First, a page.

Los Angeles is already a so-called minority majority city, where people of color outnumber whites. It’s located in California, which is one of four states that, along with the District of Columbia, already also boasts a majority of people of color. In a matter of decades, people of color will be the majority in the country as a whole. Places like Los Angeles are crucial to watch and to understand, because they give us a good glimpse into the nation’s future, and into how people of color will soon fare in the United States.
There’s a pervasive myth that because white folks have been the overwhelming majority since the founding of the United States, it makes sense that wealth and power is concentrated in that majority. By this flawed logic, poverty and disempowerment is naturally concentrated in communities of color. That myth is convenient because it assumes that inequality is a natural consequence of percentages—and not a system that’s based on skin color.
But if Los Angeles is any indication, people of color—and black and brown people in particular—will continue to be criminalized. More alarming is the fact that that targeting of people of color starts at a young age, specifically against minors. The Los Angeles Unified School District, which is the second largest school district in the United States, teams up with what’s called the Los Angeles School Police Department, or LASPD. The LASPD is the largest public school police department in the nation, and employs nearly 500 officers that exclusively police children, some as young as 6 years of age. The vast majority, 74 percent, are Latino. 10 percent are black, 10 percent are white, and 6 percent are Asian.
The LASPD issues tickets for alleged fighting or marijuana possession—but its truancy enforcement drew condemnation, because officers often ticketed minors who were simply late to school, instead of actually skipping school. Up until recently, an LASPD truancy ticket was a $250 fine, but that cost could easily have gone up, especially when children weren’t that keen to tell their parents they were caught late for class. Arriving to school just fifteen minutes late could have cost families up to $1,000.
The good news is that, in an effort led by the Labor/Community Strategy Center, officers no longer issue citations against children who are late. During the 2012–13 school year, truancy tickets were down 80 percent. In fact, all LASPD tickets are down. And, for the moment, the LASPD doesn’t issue fines—although it does place students into the Los Angeles County Probation Department. Still, citations have decreased, and there are currently no fines attached to them.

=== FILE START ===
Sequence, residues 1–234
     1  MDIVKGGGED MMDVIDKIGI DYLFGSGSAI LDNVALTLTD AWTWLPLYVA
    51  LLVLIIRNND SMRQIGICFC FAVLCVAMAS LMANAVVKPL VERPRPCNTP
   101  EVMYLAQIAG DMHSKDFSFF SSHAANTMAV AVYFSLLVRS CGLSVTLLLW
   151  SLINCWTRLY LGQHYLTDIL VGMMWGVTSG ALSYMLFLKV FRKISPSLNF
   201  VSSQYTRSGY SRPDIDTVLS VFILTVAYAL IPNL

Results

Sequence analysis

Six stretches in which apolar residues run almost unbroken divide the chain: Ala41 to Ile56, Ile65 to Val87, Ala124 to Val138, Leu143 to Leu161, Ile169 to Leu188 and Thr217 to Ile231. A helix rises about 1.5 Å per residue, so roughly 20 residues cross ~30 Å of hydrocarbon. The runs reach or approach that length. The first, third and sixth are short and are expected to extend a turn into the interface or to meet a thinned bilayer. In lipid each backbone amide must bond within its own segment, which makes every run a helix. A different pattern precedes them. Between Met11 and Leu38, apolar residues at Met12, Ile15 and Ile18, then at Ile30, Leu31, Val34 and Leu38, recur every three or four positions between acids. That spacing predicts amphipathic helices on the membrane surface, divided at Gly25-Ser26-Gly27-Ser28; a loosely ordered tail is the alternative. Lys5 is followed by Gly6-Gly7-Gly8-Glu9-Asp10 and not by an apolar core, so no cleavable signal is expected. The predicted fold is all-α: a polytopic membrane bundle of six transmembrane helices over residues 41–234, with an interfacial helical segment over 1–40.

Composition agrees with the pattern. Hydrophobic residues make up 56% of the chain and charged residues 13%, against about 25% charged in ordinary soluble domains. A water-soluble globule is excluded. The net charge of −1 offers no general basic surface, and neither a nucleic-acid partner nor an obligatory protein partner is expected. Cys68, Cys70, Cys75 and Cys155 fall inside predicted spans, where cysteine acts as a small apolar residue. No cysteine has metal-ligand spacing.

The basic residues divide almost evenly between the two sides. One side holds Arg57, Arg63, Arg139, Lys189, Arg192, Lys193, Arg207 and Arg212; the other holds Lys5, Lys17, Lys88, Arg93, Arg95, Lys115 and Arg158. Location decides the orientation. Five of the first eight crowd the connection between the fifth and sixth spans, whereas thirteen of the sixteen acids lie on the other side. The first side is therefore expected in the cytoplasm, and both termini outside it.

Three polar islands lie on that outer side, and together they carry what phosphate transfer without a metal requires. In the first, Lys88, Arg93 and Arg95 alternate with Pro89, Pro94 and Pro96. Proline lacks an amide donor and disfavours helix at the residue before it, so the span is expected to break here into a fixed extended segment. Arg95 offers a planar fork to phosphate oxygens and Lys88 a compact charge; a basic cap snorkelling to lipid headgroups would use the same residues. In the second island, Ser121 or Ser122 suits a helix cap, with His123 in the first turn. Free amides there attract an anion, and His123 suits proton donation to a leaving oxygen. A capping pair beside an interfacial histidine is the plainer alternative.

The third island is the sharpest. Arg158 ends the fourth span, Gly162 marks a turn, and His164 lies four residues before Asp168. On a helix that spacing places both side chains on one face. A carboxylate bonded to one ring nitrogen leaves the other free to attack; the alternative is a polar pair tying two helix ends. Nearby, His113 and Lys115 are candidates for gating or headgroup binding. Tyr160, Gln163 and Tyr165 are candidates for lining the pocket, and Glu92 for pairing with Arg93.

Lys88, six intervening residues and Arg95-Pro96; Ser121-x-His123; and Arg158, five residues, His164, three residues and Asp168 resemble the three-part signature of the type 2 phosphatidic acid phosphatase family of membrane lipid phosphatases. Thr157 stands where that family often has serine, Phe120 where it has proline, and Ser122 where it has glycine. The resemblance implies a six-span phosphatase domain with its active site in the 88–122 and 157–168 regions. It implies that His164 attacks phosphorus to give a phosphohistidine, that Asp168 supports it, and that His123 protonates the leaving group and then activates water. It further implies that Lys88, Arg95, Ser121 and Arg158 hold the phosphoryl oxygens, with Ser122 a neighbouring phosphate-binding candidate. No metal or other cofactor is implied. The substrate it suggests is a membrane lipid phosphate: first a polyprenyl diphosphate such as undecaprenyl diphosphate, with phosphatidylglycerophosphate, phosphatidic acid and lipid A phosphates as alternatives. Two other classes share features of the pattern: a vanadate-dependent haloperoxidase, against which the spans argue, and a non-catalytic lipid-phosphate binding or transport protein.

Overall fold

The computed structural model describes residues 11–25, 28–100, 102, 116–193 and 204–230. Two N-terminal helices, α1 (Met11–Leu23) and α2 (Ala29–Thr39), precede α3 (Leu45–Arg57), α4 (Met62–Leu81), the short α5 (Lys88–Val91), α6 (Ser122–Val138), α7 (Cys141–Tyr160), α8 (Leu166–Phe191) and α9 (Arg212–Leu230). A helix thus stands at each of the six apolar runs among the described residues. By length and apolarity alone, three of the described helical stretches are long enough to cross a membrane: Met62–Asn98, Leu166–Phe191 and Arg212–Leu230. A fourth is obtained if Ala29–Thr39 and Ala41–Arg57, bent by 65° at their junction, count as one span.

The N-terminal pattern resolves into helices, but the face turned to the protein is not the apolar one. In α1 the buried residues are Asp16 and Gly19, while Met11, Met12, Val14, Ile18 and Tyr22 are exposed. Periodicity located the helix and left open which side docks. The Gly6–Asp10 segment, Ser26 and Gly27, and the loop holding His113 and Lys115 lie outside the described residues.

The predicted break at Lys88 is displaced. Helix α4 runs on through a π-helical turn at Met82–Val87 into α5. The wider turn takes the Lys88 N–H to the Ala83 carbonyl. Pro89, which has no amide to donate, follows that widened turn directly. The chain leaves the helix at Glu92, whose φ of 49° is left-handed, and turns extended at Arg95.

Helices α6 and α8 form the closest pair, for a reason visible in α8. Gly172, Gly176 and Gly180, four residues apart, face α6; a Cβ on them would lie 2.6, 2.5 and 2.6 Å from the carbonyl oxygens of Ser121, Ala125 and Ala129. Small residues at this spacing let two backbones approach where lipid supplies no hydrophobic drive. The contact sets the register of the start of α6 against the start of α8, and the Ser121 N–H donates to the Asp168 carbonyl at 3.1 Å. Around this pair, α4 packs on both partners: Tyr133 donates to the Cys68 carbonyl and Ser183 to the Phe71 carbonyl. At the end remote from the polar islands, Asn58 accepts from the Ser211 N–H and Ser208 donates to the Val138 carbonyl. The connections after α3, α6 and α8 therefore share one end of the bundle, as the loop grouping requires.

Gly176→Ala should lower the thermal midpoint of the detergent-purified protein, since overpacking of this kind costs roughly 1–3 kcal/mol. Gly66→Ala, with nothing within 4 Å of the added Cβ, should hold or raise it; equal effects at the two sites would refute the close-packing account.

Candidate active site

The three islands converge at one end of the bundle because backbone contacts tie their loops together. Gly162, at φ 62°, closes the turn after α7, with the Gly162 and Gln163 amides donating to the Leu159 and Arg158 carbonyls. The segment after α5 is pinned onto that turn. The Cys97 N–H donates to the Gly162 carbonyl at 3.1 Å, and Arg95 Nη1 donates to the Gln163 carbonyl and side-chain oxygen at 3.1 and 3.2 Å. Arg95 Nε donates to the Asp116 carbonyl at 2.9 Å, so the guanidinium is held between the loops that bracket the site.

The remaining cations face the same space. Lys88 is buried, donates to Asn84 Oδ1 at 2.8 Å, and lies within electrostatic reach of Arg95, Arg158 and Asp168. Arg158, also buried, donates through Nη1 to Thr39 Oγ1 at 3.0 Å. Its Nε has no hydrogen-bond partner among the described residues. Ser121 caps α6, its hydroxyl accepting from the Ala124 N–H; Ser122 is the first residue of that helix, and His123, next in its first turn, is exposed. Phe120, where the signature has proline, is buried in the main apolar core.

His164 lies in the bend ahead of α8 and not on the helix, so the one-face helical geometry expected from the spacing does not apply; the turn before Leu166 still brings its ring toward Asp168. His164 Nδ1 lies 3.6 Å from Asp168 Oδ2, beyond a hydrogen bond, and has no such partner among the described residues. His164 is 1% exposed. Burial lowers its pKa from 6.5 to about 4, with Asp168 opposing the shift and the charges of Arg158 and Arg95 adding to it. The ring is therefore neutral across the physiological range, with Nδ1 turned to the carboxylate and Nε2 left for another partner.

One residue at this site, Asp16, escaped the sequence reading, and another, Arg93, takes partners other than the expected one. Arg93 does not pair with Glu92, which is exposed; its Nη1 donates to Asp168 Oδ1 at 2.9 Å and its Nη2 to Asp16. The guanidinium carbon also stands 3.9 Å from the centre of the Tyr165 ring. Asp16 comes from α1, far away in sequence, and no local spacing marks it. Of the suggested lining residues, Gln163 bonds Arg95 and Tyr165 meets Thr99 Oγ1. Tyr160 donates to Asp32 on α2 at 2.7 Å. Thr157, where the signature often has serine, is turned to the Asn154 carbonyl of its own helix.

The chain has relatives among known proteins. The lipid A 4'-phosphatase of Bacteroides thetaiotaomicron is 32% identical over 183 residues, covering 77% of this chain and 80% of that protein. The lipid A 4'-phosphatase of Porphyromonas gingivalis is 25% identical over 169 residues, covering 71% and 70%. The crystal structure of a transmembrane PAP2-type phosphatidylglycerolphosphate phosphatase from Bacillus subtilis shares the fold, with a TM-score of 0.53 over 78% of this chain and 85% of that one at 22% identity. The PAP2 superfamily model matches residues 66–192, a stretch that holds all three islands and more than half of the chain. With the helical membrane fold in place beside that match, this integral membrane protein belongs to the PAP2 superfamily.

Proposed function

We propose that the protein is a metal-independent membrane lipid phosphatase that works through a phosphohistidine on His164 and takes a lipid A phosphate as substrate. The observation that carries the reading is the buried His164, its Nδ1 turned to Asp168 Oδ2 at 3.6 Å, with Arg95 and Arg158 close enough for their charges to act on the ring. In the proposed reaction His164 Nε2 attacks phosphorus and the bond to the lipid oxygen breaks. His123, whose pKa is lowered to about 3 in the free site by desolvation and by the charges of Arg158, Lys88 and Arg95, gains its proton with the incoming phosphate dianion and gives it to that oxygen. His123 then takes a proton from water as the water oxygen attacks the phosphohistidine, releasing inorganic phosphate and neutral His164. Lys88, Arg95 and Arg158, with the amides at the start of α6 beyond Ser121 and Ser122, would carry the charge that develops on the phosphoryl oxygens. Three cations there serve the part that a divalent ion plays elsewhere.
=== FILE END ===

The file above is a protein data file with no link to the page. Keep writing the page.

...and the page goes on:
But, according to a new report titled “Black, Brown and Over-Policed,” and issued by the group that pushed to amend the truancy tickets, all is not well for Los Angeles public school children. In fact, it’s clear that a civil rights crisis has gripped LA’s schools. According to the report, Latino students were twice as likely to be ticketed than were white students. Since Latino students make up 75 percent of the district, to 10 percent white students, one might think to pass on the statistic. But black students also make up 10 percent of the district—yet black students are six times as likely as white students to be ticketed. At a time in Los Angeles when white students and black students are on perfectly equal footing in terms of numbers, they’re on extraordinarily unequal footing when it comes to criminalization.
The Los Angeles school district illustrates that a changing demographic doesn’t automatically mean equality. In fact, a changing demographic may instead illustrate how insidious inequality truly is across racial lines. It’s an important example to keep in mind as we head towards becoming that so-called minority majority nation. Los Angeles issues nearly half of all of its student tickets to minors under the age of 14—meaning that, for some of that district’s youngest residents, school becomes more of a trap than an educational opportunity.
Hope is not lost for LA’s students. As the Labor/Community Strategy Center points out, officers police youth, issue tickets and implicate students for occurrences that were always solved by educators without criminalization. Ditching class, getting in a fight, or carrying a pack of cigarettes can all be solved creatively and lovingly—and without the use police officers and tickets.
The fight against marijuana prohibition must put racial justice at the center, writes Carl L. Hart.